One week later I came out of the recovery room to see you sitting on the bench where you had anxiously awaited your surgery just seven days prior. I swelled with joy as I noticed that something was missing. I scanned your hands and your pockets and I didn't see it. The bandanna wasn't with you. What would it feel like? To finally be free? To have lived a whole life hiding then to be liberated? To have hope where once there was none? 

Fall Fashion Week 2011- 9/28

One thing my friend told me to bring with me before I moved here was plenty of long skirts. They are easy to squat in if you only have squatty potties, they breath, move and are modest! I love this thrift store find and wear it all the time. The one problem is that it isn't good in the rain and you have to remember to life it off the ground when you walk into the toilet! The street I'm on here is what I walk down to head to the coffee shop, the bread bakery, some restaurants and on the right of the picture you can see the green walls of the shop where I found a girl working with a cleft palate (you can read about that here.)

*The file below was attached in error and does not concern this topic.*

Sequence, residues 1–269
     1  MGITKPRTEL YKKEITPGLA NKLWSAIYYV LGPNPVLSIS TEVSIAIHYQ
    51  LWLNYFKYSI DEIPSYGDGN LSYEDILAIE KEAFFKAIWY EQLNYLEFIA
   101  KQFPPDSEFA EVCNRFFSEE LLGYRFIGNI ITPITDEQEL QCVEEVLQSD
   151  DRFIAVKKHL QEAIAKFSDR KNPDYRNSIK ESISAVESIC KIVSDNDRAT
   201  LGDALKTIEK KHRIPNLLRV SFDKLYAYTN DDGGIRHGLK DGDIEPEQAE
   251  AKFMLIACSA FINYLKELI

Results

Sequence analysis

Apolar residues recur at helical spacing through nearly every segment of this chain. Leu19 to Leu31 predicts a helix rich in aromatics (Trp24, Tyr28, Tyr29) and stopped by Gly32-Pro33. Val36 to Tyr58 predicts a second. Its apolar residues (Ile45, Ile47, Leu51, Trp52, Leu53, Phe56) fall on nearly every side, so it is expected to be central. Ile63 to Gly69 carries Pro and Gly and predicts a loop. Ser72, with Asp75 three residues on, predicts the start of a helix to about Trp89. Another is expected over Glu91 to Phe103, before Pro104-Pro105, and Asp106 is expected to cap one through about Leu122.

The Head to Toe
Shirt: AA from Buffalo Exchange
Skirt: Goodwill
Bracelet: Gift
Bag: Streets of McLeod Ganj
Awkward face: Inherent

Only one more day! (for me!)


Fall Fashion Week 2011- 9/27!

Have I ever mentioned to you how much I absolutely love the balcony we have off our flat? It has such a beautiful view! It is also perfect for evening chats with the roomies, drying laundry, reading, and most importantly for dancing and singing. I may engage in late night George Michael karaoke, just belting it out over the balcony for all to enjoy.  Guilty pleasures. 

The Head to Toe:
Earring: Circus Kinetica (bought in a cafe in Manali, India)
Sweater: Vintage from Red Velvet Shop
Skinny Jeans: Paige Denim from Buffalo